3) Germany/France flash PMI (Jan) – 24/01 – last month German services activity slipped into contraction territory, and its lowest level since February last year, as the German economy struggled with the twin challenges of a disjointed regional government response when it comes to restrictions, and sharply rising Delta outbreaks. These were then compounded by the spread of the Omicron variant. While the services sector has struggled manufacturing activity has proved to be more resilient, ending last year at 57.4, however these numbers don’t chime with the industrial production and factory orders numbers which have been poor. Earlier this month the Federal Statistics office estimated that the German economy had shrunk by between 0.5% and 1% in the final quarter of 2021, well behind its peers like France and Italy, due to supply chain disruptions, and higher energy costs, as well as high Covid infection rates. Economic activity has proved to be a little better in France with both services and manufacturing activity remaining steady over the past few months. This trend looks set to continue, although virus levels have been high in the past few weeks, which might constrain the services sector.

4) UK flash PMI (Jan) 24/01 – December saw a sharp fall in UK services sector activity, to 53.6 from 58.5 in November, a trend that could well continue in January due to the Plan B restrictions brought in by the UK government half way through the month due to concerns about the Omicron variant. The restrictions on the hospitality sector clearly hit pubs and restaurants, as well as some retail outlets, it would be surprising if we didn’t see a post-Christmas and New Year rebound, now that families have had their annual get-togethers and there is less fear about having to self-isolate, now that Christmas is in the rear-view mirror. On an anecdotal basis, while it was easy to get a restaurant booking in the lead-up to Christmas due to the sudden wave of cancellations, between Christmas and New Year was almost impossible. Manufacturing activity in the meantime remained steady throughout the quarter, with selling price inflation hitting a record high in December, while new orders and employment also rose.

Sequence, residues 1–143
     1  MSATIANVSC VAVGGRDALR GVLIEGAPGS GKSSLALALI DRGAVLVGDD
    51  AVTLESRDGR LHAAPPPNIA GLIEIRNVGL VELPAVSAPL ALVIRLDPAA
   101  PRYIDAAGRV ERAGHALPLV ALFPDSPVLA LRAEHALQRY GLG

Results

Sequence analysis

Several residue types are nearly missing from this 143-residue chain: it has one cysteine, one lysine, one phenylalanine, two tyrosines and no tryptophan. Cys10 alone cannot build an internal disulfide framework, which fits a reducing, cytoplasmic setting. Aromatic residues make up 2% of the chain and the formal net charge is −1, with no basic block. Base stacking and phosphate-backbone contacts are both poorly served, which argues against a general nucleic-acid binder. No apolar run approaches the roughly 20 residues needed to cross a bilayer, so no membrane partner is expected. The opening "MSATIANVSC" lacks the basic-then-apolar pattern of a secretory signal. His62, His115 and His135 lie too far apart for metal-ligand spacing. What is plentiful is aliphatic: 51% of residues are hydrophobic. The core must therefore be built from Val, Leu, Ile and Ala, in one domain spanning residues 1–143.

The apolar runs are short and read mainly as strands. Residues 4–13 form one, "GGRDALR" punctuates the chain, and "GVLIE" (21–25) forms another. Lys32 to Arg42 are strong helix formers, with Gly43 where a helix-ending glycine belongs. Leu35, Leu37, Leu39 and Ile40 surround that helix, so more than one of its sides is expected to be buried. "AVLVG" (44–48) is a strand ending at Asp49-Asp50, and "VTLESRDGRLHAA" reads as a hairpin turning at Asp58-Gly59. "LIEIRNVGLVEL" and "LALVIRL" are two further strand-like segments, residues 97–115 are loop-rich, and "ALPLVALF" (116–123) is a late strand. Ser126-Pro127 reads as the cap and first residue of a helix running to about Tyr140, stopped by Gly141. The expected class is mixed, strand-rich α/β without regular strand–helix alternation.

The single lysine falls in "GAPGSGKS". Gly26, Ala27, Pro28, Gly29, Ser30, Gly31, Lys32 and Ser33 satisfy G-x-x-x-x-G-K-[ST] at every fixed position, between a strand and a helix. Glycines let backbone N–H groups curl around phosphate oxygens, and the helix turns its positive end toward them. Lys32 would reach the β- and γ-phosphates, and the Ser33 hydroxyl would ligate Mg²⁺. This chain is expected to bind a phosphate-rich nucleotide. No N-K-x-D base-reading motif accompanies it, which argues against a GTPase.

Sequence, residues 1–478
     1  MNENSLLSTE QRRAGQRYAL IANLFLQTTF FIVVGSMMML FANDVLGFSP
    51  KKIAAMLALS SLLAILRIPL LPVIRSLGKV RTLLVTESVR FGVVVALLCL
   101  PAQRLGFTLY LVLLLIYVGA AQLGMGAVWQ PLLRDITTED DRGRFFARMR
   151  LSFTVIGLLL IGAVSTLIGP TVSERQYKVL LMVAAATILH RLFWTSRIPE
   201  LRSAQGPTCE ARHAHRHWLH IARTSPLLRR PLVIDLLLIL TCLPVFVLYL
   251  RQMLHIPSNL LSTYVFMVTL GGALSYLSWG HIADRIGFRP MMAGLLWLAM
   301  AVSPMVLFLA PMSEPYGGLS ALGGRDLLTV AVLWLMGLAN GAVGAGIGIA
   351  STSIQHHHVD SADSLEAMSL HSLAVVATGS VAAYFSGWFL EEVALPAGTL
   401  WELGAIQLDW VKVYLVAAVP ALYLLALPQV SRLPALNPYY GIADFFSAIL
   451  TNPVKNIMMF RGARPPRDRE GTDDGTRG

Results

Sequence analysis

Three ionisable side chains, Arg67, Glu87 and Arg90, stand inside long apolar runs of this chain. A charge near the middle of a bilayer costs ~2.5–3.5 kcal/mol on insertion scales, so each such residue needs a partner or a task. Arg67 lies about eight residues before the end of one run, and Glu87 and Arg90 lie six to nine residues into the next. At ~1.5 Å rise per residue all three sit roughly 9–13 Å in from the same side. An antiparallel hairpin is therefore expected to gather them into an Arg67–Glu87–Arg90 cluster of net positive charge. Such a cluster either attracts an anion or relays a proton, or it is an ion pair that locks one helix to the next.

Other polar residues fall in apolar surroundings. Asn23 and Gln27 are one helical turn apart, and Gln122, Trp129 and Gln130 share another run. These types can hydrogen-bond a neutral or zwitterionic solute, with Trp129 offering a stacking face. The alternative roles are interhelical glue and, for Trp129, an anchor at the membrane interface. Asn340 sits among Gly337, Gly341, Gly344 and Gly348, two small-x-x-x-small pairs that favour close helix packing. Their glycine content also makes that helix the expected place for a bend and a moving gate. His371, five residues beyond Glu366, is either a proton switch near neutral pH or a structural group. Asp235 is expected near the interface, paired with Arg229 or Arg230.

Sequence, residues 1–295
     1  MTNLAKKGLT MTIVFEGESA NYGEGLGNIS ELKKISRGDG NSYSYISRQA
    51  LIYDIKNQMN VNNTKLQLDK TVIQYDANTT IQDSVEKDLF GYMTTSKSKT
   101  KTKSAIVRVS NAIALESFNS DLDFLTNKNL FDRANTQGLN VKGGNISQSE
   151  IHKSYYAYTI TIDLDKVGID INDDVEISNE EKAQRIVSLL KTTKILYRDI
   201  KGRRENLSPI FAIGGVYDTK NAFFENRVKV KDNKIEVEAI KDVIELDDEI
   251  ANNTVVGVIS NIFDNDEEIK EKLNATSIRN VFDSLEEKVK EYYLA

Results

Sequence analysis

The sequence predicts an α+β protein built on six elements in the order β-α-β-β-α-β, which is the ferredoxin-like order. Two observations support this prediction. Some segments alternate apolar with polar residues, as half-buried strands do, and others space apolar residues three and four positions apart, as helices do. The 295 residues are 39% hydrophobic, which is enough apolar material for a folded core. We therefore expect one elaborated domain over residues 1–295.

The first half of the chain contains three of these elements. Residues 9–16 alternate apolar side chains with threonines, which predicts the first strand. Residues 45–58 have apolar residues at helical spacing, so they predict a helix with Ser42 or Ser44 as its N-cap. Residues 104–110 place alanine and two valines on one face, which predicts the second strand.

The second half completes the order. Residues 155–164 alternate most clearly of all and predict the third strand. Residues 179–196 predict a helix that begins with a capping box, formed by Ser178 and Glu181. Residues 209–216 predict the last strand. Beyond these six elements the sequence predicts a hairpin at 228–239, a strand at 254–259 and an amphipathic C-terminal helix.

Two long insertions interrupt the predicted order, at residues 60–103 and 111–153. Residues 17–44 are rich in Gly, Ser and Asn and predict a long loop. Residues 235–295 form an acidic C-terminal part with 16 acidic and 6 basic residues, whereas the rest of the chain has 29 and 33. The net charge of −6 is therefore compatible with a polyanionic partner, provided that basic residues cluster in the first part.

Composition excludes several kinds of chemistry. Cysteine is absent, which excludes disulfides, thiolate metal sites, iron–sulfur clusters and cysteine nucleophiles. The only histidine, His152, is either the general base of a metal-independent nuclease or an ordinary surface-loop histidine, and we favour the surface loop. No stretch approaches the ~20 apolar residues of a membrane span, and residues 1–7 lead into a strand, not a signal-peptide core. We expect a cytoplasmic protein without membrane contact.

5) US PCE deflator/Spending (Dec) – 28/01 – the recent headline CPI and PPI numbers may well have offered a ray of hope for Fed officials that the latest surge on inflation pressures might be starting show signs of plateauing. US central bankers will certainly be hoping so given how wrong their transitory calls have proved so far to be. US PPI for December fell back to 9.7% from 9.8% in November in a sign that supply chain pressures might be easing. This weeks Fed meeting will add further colour on the FOMC’s shift on policy thinking, however they will still be looking at this week’s Core PCE deflator numbers for any signs of an easing of pricing pressure. In the space of two months core PCE has gone from 3.7% to 4.7% in November, and could well go higher to 4.8% in December, its highest levels since 1983. For now, consumers don’t appear to be showing any indication that they are feeling the effects of the rise in the cost of living, however that is likely to change over time. Personal spending has been strong these past few months, however we can expect this to slow in December, to 0.1%, and the lowest level since July last year as US consumers slowed their spending in the lead-up to Christmas due to the sharp spread of the Omicron variant.